Diving and Scuba Diving


Diving and Scuba Diving

A group for people with diabetes that are interested in diving, scuba diving, snorkeling, and the likes.

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Latest Activity: Feb 24

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Comment by jbowler on July 30, 2014 at 5:22pm

Davis: I didn't know about Woahink lake, in fact I didn't know Oregon had a dive park! Sounds like a nice shore entry, the dive park at Avalon in Catalina has an entry which can be challenging in a swell for new divers, enough to scare my recently qualified wife off after a couple of minutes in the water. Woahink is definitely on my "to visit" list.

I like Brookings but I think mainly for the abundance of fishable wildlife - scallops, abalone, ling cod. You need a good guide; I remember one wonderful shallow dive twisting round rocks, finding fish and scallops (I didn't have the scallop/abalone card so I didn't take anything.)

Comment by jbowler on July 30, 2014 at 4:53pm

The current PADI guidelines are here (this is a link to the DAN website). Summary table:


(I carry a laminated version of that with me in my dive log book, just in case I forget something.) The more detailed explanation (still only four pages):


IRC some of the participants in the conference advised checking for ketones, but the summary above allows diving with a blood sugar in the range 250-300 and I *know* I invariably show ketones at 250mg/dl. Since I also start to feel bad above 200 and irritable above 250 I personally target 150, even though it might mean micro-adjustment immediately before the dive (a couple of glucose tablets work wonders.)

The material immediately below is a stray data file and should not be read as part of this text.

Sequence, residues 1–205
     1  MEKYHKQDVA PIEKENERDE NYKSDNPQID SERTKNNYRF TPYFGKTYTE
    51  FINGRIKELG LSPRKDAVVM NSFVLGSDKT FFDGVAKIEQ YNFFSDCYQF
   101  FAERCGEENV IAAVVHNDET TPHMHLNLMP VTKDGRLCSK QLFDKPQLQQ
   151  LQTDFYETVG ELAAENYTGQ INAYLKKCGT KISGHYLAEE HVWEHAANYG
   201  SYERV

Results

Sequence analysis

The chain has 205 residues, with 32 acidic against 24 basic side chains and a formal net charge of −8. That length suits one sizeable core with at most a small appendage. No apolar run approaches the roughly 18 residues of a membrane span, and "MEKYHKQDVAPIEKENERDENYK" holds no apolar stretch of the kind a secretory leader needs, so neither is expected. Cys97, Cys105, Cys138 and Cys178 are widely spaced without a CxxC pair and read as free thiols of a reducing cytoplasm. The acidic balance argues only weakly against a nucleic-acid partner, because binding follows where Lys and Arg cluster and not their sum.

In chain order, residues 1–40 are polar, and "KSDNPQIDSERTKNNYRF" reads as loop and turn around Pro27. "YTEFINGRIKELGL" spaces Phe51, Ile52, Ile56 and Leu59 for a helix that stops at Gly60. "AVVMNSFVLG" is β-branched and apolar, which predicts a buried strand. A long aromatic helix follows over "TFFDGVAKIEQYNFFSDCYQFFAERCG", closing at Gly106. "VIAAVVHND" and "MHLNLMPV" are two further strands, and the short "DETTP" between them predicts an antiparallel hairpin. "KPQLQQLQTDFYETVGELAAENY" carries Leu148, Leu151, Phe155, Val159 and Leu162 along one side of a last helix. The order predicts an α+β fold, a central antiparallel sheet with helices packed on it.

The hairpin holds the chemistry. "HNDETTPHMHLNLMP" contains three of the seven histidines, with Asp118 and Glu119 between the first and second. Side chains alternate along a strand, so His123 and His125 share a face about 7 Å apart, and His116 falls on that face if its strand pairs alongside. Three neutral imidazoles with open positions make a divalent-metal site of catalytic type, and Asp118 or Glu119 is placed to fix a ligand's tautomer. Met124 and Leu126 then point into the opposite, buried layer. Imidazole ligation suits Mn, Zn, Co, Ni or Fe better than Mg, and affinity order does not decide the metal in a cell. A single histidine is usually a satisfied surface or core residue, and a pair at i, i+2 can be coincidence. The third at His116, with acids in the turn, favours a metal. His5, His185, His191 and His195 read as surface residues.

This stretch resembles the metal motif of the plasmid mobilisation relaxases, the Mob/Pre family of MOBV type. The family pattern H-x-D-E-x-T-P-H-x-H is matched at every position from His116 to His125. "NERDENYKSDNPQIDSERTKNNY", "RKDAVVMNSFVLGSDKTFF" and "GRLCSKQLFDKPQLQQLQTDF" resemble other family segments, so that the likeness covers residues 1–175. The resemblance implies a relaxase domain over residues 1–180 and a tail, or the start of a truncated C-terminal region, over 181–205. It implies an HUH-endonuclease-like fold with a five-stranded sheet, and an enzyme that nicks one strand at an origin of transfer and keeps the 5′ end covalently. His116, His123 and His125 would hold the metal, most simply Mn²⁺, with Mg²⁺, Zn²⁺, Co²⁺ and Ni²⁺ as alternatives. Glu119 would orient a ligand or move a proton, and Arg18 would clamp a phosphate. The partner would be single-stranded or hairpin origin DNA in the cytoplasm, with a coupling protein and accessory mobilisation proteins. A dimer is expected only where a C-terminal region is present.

My personal rule of thumb is to start the dive at 150-250 with a distinct preference. I might start a dive above 250, but I would have to know why; failing to unsuspend my pump would be an adequate explanation for example.

The issues of divers with pumps were discussed in the conference but there are no conclusions in the guidelines. The workshop was conducted in 2005 and that is the first year the Omnipod was available, as a result people at the workshop had never heard of an insulin pump that works under water. The full workshop proceedings are here:


See the comment at the bottom of page 29 about water resistant insulin pumps. (Bear in mind that this document is a collection of papers - each paper presents a different viewpoint and that is reflected in differences of opinion of the relevance of things like ketones.)

The YMCA treatment, documented in the paper that starts at page 58, covers a protocol for pumps. There's quite a lot in the YMCA stuff that I don't do - for example I don't limit myself to 2 dives a day or to 30 minutes of bottom time - and clearly a lot of that stuff didn't make it into the guidelines.

You can see the full range of different approaches in Table 3 on page 95.

Comment by Fabio Esteban on July 30, 2014 at 1:51pm

One of my favorite caverns in Q.Roo, Mexico.